MLBPool2 is live!

I deployed MLBPool2 on Monday. I had a flurry of activity over the weekend to fix a scoring bug. No matter how hard I tried, I couldn’t get MLBPool2 to match the 2017 results that were done by hand. I learned that I don’t have the patience to hand enter the picks for 16 players and then all of their All-Star Break changes. I did it three times and every time I would catch a mistake that I made. And with the way the UniquePicks service works, one mistake is all it takes to throw off the entire score. I also decided to add the ability to add an administrator and let him or her update the database if a player had paid the league fee.

Once that was done, it was time to test my mediocre (at best) sysadmin skills. Adding the server blocks to nginx was easier than expected and it took me a half hour to figure out why the app wasn’t loading – when using nginx with Waitress for the wsgi server, the app name has to be an exact match. (Note to self: The app name is mlbpool, not mlbpool2).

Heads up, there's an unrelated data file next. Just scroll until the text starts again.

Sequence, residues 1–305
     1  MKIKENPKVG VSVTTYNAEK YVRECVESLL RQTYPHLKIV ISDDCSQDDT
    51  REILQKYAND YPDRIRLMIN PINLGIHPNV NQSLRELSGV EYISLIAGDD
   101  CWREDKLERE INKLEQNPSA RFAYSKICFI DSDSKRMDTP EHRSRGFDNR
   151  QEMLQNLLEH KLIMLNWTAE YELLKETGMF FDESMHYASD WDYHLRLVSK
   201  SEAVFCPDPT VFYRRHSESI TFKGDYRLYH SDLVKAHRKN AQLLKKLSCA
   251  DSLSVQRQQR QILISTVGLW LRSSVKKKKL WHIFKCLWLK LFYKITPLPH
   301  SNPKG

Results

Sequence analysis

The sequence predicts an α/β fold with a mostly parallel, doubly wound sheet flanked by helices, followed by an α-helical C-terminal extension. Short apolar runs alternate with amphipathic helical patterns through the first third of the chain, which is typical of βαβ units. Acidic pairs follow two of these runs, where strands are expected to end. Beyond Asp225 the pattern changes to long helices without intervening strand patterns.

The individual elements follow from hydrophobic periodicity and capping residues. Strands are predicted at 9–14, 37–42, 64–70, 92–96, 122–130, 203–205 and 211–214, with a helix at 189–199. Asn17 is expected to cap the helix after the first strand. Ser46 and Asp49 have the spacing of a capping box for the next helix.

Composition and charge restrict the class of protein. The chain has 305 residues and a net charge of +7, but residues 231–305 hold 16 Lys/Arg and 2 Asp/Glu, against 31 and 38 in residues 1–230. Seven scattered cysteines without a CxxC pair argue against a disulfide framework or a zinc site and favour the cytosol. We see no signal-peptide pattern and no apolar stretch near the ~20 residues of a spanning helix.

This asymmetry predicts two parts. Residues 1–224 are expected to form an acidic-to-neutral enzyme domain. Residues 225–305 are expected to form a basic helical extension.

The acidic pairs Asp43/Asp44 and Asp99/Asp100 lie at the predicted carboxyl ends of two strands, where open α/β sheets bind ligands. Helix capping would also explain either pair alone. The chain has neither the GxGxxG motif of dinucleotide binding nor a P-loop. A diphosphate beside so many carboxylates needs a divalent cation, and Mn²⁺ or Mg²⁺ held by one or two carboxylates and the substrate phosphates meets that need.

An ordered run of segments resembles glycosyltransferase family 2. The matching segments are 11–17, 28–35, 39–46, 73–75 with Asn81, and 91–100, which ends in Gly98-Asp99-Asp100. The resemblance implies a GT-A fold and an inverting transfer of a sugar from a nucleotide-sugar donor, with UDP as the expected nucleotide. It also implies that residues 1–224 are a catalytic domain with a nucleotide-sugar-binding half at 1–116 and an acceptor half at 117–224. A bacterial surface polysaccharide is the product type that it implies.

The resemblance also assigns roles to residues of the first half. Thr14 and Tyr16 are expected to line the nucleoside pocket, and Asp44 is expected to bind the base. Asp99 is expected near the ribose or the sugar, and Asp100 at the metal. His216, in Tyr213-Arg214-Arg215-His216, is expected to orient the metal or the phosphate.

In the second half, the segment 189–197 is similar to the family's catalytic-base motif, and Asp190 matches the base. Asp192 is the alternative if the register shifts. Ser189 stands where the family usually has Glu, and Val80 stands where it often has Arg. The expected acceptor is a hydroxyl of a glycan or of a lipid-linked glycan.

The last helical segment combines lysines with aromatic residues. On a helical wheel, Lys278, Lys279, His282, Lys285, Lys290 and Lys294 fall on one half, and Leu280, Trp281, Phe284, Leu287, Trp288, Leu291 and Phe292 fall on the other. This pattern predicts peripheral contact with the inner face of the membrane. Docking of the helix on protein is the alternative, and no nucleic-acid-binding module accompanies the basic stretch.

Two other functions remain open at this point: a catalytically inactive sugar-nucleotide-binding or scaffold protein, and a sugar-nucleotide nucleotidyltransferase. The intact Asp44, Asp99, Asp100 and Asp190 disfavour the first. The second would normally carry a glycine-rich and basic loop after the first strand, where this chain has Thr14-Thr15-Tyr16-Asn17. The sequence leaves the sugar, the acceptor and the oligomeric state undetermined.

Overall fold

I changed the DNS to point from one DigitalOcean droplet to another and Let’s Encrypt made it a breeze to get a new SSL certificate. (Of course https is served by default. I haven’t been a member of the EFF for 14 years for nothing).

The database hasn’t crashed yet, so I’m hopeful all my session.close() statements are where they should be, though Bing’s webcrawler apparently crawls by IP and not domain and I woke up to a Rollbar notification of an error thanks to Bing looking for a URL on NFLPool.

It’s been fun having Slack notifications for when a new user registers and makes their picks and seeing those roll in.

But the work doesn’t stop there. Yesterday I wrote user documentation using reStructuredText and Sphinx (yay, another markup language to learn. This is only the fourth language I’ve used to write user help.). I created an account on Read the Docs, connected my Github repo, and voila! User documentation for MLBPool2 on how to create and manage an account, now to submit and change picks, league rules and scoring. This was all just a precursor to what I really want to do, which is write the developer documentation.

I also started working on tests for MLBPool2. I’m still so confused on testing, specifically what tests I need to right to improve code coverage. But I successfully wrote my first test using pytest today – just a small one to check the MySportsFeed API and make sure it’s up and returns a 200 status code. Baby steps.

I’ve already filed a bug and a couple of enhancements that I want to work on once the season is over. When I set out to learn Python to build these apps, I did it because I wanted a hobby, and I sure have one now.

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